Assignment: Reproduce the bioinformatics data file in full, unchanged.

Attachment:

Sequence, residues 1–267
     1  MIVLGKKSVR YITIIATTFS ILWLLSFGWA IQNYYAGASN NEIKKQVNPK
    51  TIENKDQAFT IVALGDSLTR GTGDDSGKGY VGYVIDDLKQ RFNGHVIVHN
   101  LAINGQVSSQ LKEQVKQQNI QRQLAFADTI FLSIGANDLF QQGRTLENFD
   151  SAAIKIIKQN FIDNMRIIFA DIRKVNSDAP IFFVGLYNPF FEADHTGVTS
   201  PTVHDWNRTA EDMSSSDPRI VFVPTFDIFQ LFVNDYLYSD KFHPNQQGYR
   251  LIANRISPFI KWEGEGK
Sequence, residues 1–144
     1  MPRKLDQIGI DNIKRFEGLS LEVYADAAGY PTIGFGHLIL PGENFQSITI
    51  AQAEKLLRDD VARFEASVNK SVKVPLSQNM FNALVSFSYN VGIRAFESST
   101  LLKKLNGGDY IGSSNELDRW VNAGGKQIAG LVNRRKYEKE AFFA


Sequence, residues 1–267
     1  MIVLGKKSVR YITIIATTFS ILWLLSFGWA IQNYYAGASN NEIKKQVNPK
    51  TIENKDQAFT IVALGDSLTR GTGDDSGKGY VGYVIDDLKQ RFNGHVIVHN
   101  LAINGQVSSQ LKEQVKQQNI QRQLAFADTI FLSIGANDLF QQGRTLENFD
   151  SAAIKIIKQN FIDNMRIIFA DIRKVNSDAP IFFVGLYNPF FEADHTGVTS
   201  PTVHDWNRTA EDMSSSDPRI VFVPTFDIFQ LFVNDYLYSD KFHPNQQGYR
   251  LIANRISPFI KWEGEGK
Sequence, residues 1–144
     1  MPRKLDQIGI DNIKRFEGLS LEVYADAAGY PTIGFGHLIL PGENFQSITI
    51  AQAEKLLRDD VARFEASVNK SVKVPLSQNM FNALVSFSYN VGIRAFESST
   101  LLKKLNGGDY IGSSNELDRW VNAGGKQIAG LVNRRKYEKE AFFA